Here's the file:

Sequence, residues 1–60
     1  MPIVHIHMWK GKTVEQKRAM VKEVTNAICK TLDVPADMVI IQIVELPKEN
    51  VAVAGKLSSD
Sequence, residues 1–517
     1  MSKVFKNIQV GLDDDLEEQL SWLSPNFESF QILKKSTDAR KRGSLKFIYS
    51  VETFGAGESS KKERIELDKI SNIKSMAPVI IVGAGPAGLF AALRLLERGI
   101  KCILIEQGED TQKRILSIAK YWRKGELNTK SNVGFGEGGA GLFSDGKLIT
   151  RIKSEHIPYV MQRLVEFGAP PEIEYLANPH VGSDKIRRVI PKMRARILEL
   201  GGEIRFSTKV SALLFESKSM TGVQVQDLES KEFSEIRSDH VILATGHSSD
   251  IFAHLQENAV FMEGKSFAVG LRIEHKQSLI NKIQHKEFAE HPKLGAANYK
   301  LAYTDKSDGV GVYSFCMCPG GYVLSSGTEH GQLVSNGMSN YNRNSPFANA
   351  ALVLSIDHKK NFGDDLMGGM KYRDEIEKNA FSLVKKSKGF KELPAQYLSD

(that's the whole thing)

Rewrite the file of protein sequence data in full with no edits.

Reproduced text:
Sequence, residues 1–60
     1  MPIVHIHMWK GKTVEQKRAM VKEVTNAICK TLDVPADMVI IQIVELPKEN
    51  VAVAGKLSSD
Sequence, residues 1–517
     1  MSKVFKNIQV GLDDDLEEQL SWLSPNFESF QILKKSTDAR KRGSLKFIYS
    51  VETFGAGESS KKERIELDKI SNIKSMAPVI IVGAGPAGLF AALRLLERGI
   101  KCILIEQGED TQKRILSIAK YWRKGELNTK SNVGFGEGGA GLFSDGKLIT
   151  RIKSEHIPYV MQRLVEFGAP PEIEYLANPH VGSDKIRRVI PKMRARILEL
   201  GGEIRFSTKV SALLFESKSM TGVQVQDLES KEFSEIRSDH VILATGHSSD
   251  IFAHLQENAV FMEGKSFAVG LRIEHKQSLI NKIQHKEFAE HPKLGAANYK
   301  LAYTDKSDGV GVYSFCMCPG GYVLSSGTEH GQLVSNGMSN YNRNSPFANA
   351  ALVLSIDHKK NFGDDLMGGM KYRDEIEKNA FSLVKKSKGF KELPAQYLSD